Apple has been notorious for keeping it's own decryption keys to users' data in iCloud, so this article required some checking. Many vendors also talk about end-to-end encryption, but mean that their server is one end of what they are talking about (which is not what we as users are thinking of).
Apple has committed to E2E encryption for 23 data categories including iCloud Backup, Photos, and Notes, among others. When users opt in to Advanced Data Protection, they will trigger the deletion of encryption keys stored in the cloud that gave Apple access to their data.
Messages in iCloud under standard data protection are E2E encrypted unless iCloud Backup is enabled. In that case, the encryption key gets stored with the backup to facilitate data recovery. With Advanced Data Protection, that exception disappears – everything in the iCloud Backup, including the encryption key, is protected.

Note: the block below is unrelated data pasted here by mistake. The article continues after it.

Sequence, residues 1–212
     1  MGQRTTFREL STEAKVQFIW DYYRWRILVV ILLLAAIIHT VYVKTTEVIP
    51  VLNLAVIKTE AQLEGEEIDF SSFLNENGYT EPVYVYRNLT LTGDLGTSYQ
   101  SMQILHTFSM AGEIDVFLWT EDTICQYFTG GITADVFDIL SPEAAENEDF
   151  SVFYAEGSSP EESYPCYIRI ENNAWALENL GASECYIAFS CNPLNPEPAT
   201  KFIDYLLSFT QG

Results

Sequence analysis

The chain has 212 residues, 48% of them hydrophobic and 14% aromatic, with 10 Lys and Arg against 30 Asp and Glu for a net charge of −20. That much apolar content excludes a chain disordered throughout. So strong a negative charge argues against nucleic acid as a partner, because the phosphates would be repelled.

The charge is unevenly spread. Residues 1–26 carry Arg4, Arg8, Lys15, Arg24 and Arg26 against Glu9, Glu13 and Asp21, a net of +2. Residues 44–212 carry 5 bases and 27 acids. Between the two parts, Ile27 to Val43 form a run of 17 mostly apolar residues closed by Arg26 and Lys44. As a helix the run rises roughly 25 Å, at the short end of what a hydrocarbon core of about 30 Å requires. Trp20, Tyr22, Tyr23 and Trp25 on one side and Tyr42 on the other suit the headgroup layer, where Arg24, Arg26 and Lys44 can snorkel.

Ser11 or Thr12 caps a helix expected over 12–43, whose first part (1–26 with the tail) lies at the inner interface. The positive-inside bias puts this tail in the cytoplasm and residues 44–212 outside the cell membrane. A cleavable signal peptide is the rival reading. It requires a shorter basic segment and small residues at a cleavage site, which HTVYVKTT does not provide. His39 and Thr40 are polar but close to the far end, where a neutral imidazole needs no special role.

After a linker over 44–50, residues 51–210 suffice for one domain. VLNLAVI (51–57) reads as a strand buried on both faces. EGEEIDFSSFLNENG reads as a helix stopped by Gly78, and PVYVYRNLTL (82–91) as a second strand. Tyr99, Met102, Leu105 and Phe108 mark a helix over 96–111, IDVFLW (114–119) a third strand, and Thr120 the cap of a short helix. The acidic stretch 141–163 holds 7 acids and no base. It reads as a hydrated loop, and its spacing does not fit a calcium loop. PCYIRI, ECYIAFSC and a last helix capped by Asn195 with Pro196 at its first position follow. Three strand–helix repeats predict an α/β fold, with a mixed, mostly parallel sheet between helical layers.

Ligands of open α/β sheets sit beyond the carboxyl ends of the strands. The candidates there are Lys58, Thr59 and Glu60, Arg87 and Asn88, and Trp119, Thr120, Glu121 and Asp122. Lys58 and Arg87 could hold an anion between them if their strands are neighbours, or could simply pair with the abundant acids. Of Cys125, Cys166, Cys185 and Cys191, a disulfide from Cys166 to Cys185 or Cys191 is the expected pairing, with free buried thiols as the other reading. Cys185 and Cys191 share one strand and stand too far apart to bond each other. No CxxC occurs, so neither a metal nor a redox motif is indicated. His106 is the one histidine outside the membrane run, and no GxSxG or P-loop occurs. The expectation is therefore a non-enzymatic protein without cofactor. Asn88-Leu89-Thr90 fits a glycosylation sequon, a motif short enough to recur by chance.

Some iCloud metadata and usage information will remain accessible to Apple – still encrypted, but with keys under Apple's control. That includes file modification timestamps and checksums for file and photo data – hashes that may have some utility for identifying known illegal images or other law enforcement inquiries.
Data from iCloud Mail, Contacts, and Calendar apps will also not be fully protected. This is because the default for mail and calendaring system is non-encrypted open text. Seems unbelievable, but the easy answer is it is too complicated for most average users to know how to set up encryption for their e-mail... Yes, I know, Proton Mail and Tutanota are not difficult...
Sounds also like Yubikey and similar hardware key support is also coming.
What we don't know yet, is what impact this may have on relatives inheriting deceased users' account data. My guess is, if it is secure and you don't have the decryption password, that data is gone (the way it should be if it is secure).
See Apple introduces end-to-end encryption for most of iCloud
And remember CSAM scanning plan? Forget that was ever a thing